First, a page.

Libyan rebels set for protracted conflict
ANALYSIS:Eminent military theorist Carl Von Clausewitz said war was essentially about mass and momentum. The retreating Libyan rebels appear to lack both
THE BATTLES being played out over the past week on the 1,800km of Libyan coastline share a key attribute with those of the North African campaign of almost 70 years ago – namely, fluidity.
The geography of Libya’s coastline, vast stretches of desert separated by strategically vital towns, present the same defensive and logistical problems for both attackers and defenders today as they did to Rommel and Montgomery in the second World War.
The seesaw nature of the battles in the 1941-42 campaign saw the mobile Germans sweep across Libya and into Egypt, only to over-extend themselves and be forced back to Tripoli by the British. By then the British had overstretched, and when attacked by regrouped Germans they too had to retreat to their start lines back in the east.
Although on a far smaller scale, (many of the Libyan “battles” reported seem to be skirmishes involving forces of tens rather than thousands) the current conflict is being conducted on largely the same terrain as 1941, with many of the same factors at play.
Firstly, the 1,500 or so rebels also advanced with momentum, determination and what appeared a relative degree of mass, even threatening to take Tripoli. Then, too confident, they overextended and were ambushed in Bin Jawa by forces loyal to Col Muammar Gadafy, who counter-attacked and drove the rebels out of the strategic oil towns of Ras Lanuf and Brega last weekend.
The next important town east of Brega was Ajdabiya, which was retaken by Gadafy forces on Tuesday. The rebel commander, Gen Abdel Fatah Yunis, said on Sunday night that Ajdabiya, 170km west of Benghazi, was “a vital city” for them. “It’s on the route to the east, to Benghazi and to Tobruk and also to the south. Ajdabiya’s defence is very important . . . We will defend it,” he told journalists. Not sufficiently, as it turned out.
Gen Yunis had argued that Gadafy forces had overstretched themselves. And therein lies another similarity with the North African battles of history: as forces retreat, they shorten their supply lines, thereby strengthening their defensive capabilities, while attackers weaken as they advance. Nowhere is such a dynamic more obvious than in Libya, with its vast coastline interrupted by logistically important towns. Added to this, the rebels are falling back to their hinterlands and might expect to recruit more fighters as the battles draw near to the heart of the insurgency. But such retreats may not embolden those Libyans sitting on the fence, nor, perhaps, the international community.
The rebels are also poorly equipped relative to Gadafy’s armoured, artillery and air forces and are facing logistical problems of their own. In many places they rely on popular support for food, water and ammunition resupply. They also clearly lack command and control, weapons training and a basic understanding of military tactics.
Moreover, given the barren desertscapes between each coastal hub, when they decide to defend these towns at the peripheries, where the oil refineries are located, they are at a considerable disadvantage due to the greater bombardment capability of loyalist forces’ tanks and artillery.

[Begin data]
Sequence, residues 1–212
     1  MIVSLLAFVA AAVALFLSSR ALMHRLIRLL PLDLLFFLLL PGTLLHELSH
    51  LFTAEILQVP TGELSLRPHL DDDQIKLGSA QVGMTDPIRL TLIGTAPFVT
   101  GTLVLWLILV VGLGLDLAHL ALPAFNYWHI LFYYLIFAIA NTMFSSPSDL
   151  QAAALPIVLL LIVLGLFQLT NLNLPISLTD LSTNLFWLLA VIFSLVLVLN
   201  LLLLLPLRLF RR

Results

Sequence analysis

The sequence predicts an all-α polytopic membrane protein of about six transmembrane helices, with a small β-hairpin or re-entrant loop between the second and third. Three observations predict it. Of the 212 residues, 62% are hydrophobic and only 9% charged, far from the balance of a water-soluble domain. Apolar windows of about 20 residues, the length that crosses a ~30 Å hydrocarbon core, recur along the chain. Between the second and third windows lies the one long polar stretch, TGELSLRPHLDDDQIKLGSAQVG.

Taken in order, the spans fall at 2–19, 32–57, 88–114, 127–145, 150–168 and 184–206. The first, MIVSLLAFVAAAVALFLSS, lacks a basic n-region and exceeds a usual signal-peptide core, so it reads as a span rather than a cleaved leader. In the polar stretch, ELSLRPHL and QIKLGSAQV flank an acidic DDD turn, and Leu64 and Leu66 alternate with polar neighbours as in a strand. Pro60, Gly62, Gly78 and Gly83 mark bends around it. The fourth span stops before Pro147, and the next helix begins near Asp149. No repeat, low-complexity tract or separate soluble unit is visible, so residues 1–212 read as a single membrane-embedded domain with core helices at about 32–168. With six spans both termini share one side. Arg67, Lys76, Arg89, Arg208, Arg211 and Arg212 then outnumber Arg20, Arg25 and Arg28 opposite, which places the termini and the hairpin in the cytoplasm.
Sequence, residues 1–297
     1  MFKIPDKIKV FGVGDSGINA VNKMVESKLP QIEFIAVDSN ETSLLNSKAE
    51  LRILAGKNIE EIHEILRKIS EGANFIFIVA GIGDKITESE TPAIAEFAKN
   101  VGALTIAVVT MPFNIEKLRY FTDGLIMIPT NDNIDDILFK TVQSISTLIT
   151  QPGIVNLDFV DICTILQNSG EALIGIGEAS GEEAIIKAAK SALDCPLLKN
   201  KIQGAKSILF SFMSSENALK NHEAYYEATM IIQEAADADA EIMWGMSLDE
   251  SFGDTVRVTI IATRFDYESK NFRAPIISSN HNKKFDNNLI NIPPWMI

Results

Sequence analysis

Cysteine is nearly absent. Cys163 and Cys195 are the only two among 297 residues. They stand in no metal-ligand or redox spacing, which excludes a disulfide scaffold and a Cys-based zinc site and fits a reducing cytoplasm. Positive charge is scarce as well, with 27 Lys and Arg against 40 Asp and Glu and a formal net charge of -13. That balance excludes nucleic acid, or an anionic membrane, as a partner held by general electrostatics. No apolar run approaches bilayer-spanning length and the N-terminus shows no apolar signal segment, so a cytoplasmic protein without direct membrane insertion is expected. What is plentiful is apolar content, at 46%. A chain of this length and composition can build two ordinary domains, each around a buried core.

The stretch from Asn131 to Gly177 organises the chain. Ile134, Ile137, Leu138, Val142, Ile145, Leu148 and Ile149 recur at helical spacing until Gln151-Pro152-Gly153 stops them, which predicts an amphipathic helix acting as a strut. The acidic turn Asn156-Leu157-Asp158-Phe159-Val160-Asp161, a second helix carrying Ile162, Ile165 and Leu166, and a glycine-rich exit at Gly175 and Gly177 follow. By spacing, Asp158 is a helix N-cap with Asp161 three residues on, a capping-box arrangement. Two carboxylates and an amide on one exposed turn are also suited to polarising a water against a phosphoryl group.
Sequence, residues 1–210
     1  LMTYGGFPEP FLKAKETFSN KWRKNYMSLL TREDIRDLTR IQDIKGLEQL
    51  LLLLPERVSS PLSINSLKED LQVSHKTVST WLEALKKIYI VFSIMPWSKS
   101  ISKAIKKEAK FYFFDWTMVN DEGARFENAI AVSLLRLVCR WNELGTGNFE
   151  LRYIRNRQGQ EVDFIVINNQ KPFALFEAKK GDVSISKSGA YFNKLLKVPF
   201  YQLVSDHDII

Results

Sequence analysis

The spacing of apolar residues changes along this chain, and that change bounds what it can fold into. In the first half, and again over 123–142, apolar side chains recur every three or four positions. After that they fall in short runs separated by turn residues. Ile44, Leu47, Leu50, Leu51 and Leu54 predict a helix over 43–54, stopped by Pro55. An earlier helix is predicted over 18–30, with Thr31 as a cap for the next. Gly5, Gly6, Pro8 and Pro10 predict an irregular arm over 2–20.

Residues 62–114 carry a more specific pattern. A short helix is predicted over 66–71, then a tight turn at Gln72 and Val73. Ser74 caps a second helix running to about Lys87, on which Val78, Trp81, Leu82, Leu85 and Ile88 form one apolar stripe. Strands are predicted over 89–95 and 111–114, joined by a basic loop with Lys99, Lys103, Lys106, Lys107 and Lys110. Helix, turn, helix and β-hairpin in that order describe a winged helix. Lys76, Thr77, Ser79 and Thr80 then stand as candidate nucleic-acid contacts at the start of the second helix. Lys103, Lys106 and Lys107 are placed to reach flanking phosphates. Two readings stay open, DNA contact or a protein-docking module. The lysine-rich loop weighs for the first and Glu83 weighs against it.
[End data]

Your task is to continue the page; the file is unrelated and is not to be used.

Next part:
So far, it is this capability that has allowed the loyalists to deliver quick blows to the rebels in the east. But where the rebels have contested the urban space, as in Zawiya last week, they have sucked Gadafy’s forces into a close-quarter battle that caused them attrition. Such a fact provides a clue to how the rebels may defend their Benghazi base.
In western Libya on Monday, rebel-held Misrata was attacked and Zuwara fell on Tuesday to pro-Gadafy forces, which also had both the mass and momentum to enter Ajdabiya. They will want to drive on quickly to Benghazi as well, especially given the international community’s reluctance to act in any meaningful way.
This, of course, is precisely Gadafy’s strategy: to take Benghazi and quell the rebellion before any no-fly zone or airstrikes can halt his advance, thereby presenting a fait accompli to the international community.
Holding Benghazi will prove very difficult for loyalist forces. Mass and momentum will not matter as much, as displayed in Zawiya, and especially when rebels are defending their homes and families and are faced with the prospect of brutal Gadafy repression.
Even if loyalist forces take the city, the rebels will be likely to continue to fight. They will adopt asymmetric tactics, using the more compact urban environment to negate loyalist advantages of armour, artillery and air power. And the longer they fight, the greater the chance of assistance from outside actors.
Given the popular support for the rebellion in Benghazi, a widespread insurgency/civil war in eastern Libya is likely to continue for some time, even if Gadafy’s forces drive on, and we may in time see the development of an eastern Libya rump state.Whichever way the battle swings, without decisive international intervention one way or another (special forces may already be operating with the rebels), Libya is probably staring into protracted civil war or insurgency.
Shashank Joshi of British think tank the Royal United Services Institute has noted that: “Between 1960 and 1999, civil wars lasted on average over seven years.” So far, Libya’s has lasted just one month.
PATRICK BURYis a former captain in the Royal Irish Regiment of the British army. He saw service in Afghanistan and wrote a memoir, Callsign Hades(Simon Schuster; 2010) and a patrol diary for The Irish Times.He has retired as a soldier and is now a commentator on military matters